With the financial sanctions announced Thursday and prior first tranche released on Tuesday, “we have now targeted all ten of Russia’s largest financial institutions,” the administration stated.
Mushrooming sanctions require fincrime fighters to be nimble, creative, expansive
The actions included the imposition of full blocking and correspondent and payable-through account sanctions, and debt and equity restrictions, on institutions “holding nearly 80% of Russian banking sector assets,” Biden said in a statement.
The stated goal is to put the “squeeze” on Russia and make it harder for the country, its military and politically powerful and corrupt elites to access financial markets.
“I just spoke with the G7 leaders this morning, and we are in full and total agreement,” President Biden said. “We will limit Russia’s ability to do business in Dollars, Euros, Pounds, and Yen to be part of the global economy.”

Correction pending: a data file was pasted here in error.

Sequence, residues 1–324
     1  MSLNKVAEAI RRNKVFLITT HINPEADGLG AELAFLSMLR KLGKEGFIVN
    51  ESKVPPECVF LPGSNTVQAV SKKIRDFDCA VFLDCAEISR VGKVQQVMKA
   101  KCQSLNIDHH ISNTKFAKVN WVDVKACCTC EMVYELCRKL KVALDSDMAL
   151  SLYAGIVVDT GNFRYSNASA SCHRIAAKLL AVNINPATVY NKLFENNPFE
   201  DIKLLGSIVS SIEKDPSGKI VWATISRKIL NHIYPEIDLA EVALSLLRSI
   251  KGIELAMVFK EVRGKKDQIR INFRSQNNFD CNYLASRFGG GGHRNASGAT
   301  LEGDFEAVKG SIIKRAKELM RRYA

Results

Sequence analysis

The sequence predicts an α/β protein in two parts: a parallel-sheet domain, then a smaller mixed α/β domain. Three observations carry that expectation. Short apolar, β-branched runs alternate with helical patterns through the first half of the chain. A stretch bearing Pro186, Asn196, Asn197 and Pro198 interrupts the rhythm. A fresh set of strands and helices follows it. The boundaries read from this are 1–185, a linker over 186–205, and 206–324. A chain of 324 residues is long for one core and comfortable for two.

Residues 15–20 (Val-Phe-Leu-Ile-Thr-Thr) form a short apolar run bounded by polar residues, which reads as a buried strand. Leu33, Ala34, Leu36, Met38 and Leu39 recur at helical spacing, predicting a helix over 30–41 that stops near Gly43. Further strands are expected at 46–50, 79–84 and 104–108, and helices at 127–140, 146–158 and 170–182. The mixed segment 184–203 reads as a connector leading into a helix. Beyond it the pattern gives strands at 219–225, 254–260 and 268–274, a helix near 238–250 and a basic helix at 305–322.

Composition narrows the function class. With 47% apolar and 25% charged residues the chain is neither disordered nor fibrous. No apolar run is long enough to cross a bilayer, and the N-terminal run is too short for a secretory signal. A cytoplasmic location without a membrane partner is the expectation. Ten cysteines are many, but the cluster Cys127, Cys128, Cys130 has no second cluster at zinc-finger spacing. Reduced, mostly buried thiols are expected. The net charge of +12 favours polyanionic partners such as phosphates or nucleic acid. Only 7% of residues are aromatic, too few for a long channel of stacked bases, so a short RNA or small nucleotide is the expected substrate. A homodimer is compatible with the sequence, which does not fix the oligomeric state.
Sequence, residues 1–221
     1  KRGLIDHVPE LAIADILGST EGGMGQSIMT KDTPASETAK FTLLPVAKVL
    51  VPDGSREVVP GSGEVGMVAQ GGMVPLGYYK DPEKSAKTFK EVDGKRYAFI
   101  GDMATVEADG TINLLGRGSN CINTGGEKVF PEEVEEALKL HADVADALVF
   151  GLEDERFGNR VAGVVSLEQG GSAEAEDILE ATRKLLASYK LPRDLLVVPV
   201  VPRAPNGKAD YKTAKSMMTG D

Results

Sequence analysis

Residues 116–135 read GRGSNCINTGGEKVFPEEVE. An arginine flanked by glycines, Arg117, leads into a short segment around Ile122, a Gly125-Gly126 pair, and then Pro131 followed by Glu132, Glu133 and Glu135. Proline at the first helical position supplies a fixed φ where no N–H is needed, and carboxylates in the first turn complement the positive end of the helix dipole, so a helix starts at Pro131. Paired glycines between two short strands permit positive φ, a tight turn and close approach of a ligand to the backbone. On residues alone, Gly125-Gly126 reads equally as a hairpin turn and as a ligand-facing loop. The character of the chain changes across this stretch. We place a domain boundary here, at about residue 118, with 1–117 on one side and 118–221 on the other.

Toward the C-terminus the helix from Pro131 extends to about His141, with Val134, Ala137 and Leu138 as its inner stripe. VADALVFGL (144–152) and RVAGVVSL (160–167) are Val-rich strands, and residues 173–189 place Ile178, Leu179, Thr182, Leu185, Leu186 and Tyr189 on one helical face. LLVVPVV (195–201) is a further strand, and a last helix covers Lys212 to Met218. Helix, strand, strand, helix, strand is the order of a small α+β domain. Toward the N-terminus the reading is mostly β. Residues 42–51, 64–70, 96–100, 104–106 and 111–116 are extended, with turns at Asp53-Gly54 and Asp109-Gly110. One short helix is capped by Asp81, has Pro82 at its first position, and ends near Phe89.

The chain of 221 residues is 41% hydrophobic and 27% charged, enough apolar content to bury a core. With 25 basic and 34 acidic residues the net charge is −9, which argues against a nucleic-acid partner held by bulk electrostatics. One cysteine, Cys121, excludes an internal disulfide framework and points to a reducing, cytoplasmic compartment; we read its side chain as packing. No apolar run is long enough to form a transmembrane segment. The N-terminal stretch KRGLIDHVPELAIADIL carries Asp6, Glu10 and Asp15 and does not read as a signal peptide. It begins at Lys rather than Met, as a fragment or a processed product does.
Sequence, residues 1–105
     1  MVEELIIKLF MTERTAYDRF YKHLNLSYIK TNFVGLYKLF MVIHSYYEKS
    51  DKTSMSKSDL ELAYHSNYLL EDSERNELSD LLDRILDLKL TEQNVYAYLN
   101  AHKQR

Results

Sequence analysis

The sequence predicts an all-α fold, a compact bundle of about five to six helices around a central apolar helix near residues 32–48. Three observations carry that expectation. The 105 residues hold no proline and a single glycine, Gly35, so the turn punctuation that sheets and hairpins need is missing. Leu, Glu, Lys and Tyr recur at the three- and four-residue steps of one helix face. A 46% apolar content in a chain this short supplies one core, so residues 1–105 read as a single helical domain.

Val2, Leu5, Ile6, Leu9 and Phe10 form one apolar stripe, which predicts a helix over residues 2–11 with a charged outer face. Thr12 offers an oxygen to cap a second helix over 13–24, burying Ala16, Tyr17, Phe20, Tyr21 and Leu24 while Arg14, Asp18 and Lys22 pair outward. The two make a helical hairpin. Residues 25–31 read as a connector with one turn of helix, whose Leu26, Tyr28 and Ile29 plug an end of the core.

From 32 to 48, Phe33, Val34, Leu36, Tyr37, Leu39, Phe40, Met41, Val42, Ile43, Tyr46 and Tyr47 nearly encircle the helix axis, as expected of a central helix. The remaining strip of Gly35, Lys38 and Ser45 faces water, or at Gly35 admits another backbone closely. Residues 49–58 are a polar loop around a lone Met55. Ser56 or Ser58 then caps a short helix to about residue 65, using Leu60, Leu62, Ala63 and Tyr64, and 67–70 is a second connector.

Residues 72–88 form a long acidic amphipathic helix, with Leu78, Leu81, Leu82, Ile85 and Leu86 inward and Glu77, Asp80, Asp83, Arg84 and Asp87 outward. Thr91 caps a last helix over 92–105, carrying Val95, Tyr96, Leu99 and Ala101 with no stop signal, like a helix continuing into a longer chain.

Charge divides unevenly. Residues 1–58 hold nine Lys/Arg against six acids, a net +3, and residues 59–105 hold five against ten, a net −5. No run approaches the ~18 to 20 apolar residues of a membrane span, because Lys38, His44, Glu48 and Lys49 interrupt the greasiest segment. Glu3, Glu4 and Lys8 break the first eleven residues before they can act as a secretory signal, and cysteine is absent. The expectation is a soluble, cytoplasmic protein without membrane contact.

The rapidly-expanding sanctions will require compliance teams to be creative and thorough, said Crystal Noe, head of Noe Compliance, who has more than two decades of experience in AML, sanctions and risk management roles, most recently holding top sanctions compliance posts at FaceBook and Citi.
“Keep in mind, as noted with recent OFAC settlements, you are also expected to search for and detect similar name variations, places of interest (ports, airports, etc), and apply technique/rules to enable geo-fencing (e.g. IP Blocking, rules for any data currently collected containing details that could point to this location like dialing prefix, address, passport, shipping address, etc).”